Jindal: Spillway will open
Published 12:05 am Friday, May 6, 2011
VIDALIA — Water inched its way toward $75 million worth of infrastructure Thursday as Gov. Bobby Jindal toured the Vidalia Riverfront and announced some welcome news.
Jindal said to combat the river levels the U.S. Army Corp of Engineers requested and was given permission to open the Bonnet Carre Spillway located approximately 12 miles from New Orleans. Officials will begin the process at 8 a.m. Monday. The gates were last opened in 2008.
Jindal said officials are also looking at opening the Morganza Spillway near Baton Rouge, but a decision will not be made on that until later next week.
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Jindal and National Guard General Bennett Landreneau both arrived by helicopter to view the progress on the riverfront and speak on the efforts to save infrastructure.
Vidalia Mayor Hyram Copeland showed Jindal around the Riverfront and explained to him the many pieces that are in play to help protect against the river.
“We know there are historic flood levels projected to go right through Vidalia and Louisiana,” Jindal said. “This is not going to be a quick event, but we as a state are determined to work with local and parish officials to protect the people, their property and their livelihoods.”
Jindal said he has been in constant contact with the U.S. Army Corps of Engineers, and so far the reports have all been good.
“We fully expect all the river levees to hold the water,” he said. “We haven’t dealt with waters this high, but we have done this before, and we are going to continue our efforts to protect our people.”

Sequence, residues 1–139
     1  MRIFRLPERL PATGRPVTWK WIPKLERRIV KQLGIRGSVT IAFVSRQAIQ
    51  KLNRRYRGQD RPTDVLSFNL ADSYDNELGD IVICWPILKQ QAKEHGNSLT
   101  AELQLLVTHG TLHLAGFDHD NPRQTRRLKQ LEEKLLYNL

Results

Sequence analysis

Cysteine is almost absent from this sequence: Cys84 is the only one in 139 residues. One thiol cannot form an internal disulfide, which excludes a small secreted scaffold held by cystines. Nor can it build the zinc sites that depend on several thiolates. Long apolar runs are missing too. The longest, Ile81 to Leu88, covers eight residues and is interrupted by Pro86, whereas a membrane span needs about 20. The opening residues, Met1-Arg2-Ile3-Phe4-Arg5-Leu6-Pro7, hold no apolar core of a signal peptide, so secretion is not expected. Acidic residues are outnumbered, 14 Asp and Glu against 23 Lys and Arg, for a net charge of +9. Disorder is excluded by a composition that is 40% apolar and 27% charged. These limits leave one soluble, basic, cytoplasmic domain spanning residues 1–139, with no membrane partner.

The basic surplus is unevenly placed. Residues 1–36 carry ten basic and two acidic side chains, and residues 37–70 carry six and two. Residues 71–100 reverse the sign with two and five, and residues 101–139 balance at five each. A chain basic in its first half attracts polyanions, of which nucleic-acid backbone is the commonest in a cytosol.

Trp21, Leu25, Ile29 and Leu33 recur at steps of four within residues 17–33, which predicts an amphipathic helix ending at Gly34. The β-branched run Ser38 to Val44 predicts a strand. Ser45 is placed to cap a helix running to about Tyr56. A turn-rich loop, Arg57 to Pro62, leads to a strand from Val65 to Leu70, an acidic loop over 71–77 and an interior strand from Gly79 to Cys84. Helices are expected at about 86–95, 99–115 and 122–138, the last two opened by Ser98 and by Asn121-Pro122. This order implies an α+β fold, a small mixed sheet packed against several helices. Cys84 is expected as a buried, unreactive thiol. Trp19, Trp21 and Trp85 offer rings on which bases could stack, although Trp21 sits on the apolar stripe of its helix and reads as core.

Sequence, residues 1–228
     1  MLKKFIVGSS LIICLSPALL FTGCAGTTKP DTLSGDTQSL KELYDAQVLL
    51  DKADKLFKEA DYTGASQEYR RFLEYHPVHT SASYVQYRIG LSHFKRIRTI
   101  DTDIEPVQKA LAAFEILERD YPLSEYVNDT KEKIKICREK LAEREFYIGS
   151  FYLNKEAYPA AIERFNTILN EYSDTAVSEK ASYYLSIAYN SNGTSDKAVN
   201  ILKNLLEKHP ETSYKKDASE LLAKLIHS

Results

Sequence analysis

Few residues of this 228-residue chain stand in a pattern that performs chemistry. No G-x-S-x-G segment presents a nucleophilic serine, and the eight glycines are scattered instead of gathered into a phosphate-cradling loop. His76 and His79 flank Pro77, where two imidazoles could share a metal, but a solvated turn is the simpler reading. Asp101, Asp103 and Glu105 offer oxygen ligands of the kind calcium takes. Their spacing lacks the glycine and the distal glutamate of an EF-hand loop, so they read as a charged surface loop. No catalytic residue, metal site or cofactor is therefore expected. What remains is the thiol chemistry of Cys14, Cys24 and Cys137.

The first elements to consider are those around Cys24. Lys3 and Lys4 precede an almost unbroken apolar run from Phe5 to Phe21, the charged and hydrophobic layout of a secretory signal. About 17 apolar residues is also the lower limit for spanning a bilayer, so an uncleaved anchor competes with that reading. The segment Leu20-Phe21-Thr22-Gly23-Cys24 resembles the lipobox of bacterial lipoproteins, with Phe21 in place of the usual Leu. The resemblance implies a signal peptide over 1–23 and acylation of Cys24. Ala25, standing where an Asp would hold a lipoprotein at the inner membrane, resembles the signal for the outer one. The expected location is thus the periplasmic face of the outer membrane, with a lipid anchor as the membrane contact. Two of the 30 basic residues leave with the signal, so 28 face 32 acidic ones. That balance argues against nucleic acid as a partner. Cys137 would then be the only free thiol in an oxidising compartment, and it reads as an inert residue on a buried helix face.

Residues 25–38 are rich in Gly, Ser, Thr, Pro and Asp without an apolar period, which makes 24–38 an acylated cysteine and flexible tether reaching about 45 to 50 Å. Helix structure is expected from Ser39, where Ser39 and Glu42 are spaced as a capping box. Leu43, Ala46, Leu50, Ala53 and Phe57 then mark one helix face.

The instant levees, or Hesco Bastion barriers, being used to wall off the Vidalia Conference and Convention Center, Comfort Suites, Promise Hospital, the city’s two water wells and Riverpark Medical Center from the river are a great tool to have available, Jindal said.
“They are made in the state, and they were used to help when the oil spill hit the Gulf last year,” he said. “They are very critical to helping this situation.”
Jindal said the National Guard was mobilized Thursday, and 18 to 20 troops will be stationed in Concordia Parish to help with the ongoing work.
“There will be the availability to have more troops, you just have to request more of them,” he said.
While the river levels are dangerous, Jindal said residents need to also focus on the length of the crest as well.
“We need to be wary of the volume of the water and the duration it is going to sit,” he said. “This is not going to be a quick problem.”
Jindal also said he sent a request for federal disaster declaration to President Obama, that has yet to be signed, that would help out anyone who suffers loss from the historic river rise.
All in all, Jindal said working together and staying informed were going to be the key factors in coping with disaster.
“You need to pay attention to your local leaders and media, because a lot of the rumors that spread around are false,” he said.
“Everything is being done on a local level, so you need to take the (local leaders) seriously when they tell you to do something.”
Copeland said he was glad to have the support of Jindal and the state behind Vidalia.
“You have always been a great friend to the City of Vidalia,” he said. “We hope to invite you back again under different circumstances.”
Ferriday Mayor Glen McGlothin said he appreciated Jindal for always finding time to come to Concordia to check on things.
“You come here more than my kids do,” he said.
The river was at 53.09 feet as of Thursday afternoon. Flood stage is 48 feet.
The record flood stage for the Miss-Lou is 58.04 feet in 1937.